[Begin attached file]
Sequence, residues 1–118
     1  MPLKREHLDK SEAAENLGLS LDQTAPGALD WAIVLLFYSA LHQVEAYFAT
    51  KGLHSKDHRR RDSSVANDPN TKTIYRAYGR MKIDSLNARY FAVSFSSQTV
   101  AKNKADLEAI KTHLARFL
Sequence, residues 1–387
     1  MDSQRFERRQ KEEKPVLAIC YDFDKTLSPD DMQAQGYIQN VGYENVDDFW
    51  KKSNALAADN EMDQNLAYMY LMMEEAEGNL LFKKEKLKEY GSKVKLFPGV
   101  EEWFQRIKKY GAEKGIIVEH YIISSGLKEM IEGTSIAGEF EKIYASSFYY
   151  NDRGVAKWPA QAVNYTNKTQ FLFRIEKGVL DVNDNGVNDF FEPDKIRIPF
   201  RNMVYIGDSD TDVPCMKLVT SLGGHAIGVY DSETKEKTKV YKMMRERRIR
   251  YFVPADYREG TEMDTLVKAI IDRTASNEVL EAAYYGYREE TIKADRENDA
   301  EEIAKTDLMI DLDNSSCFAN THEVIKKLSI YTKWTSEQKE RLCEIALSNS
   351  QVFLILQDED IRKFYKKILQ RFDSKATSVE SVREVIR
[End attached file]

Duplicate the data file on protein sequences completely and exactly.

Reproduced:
Sequence, residues 1–118
     1  MPLKREHLDK SEAAENLGLS LDQTAPGALD WAIVLLFYSA LHQVEAYFAT
    51  KGLHSKDHRR RDSSVANDPN TKTIYRAYGR MKIDSLNARY FAVSFSSQTV
   101  AKNKADLEAI KTHLARFL
Sequence, residues 1–387
     1  MDSQRFERRQ KEEKPVLAIC YDFDKTLSPD DMQAQGYIQN VGYENVDDFW
    51  KKSNALAADN EMDQNLAYMY LMMEEAEGNL LFKKEKLKEY GSKVKLFPGV
   101  EEWFQRIKKY GAEKGIIVEH YIISSGLKEM IEGTSIAGEF EKIYASSFYY
   151  NDRGVAKWPA QAVNYTNKTQ FLFRIEKGVL DVNDNGVNDF FEPDKIRIPF
   201  RNMVYIGDSD TDVPCMKLVT SLGGHAIGVY DSETKEKTKV YKMMRERRIR
   251  YFVPADYREG TEMDTLVKAI IDRTASNEVL EAAYYGYREE TIKADRENDA
   301  EEIAKTDLMI DLDNSSCFAN THEVIKKLSI YTKWTSEQKE RLCEIALSNS
   351  QVFLILQDED IRKFYKKILQ RFDSKATSVE SVREVIR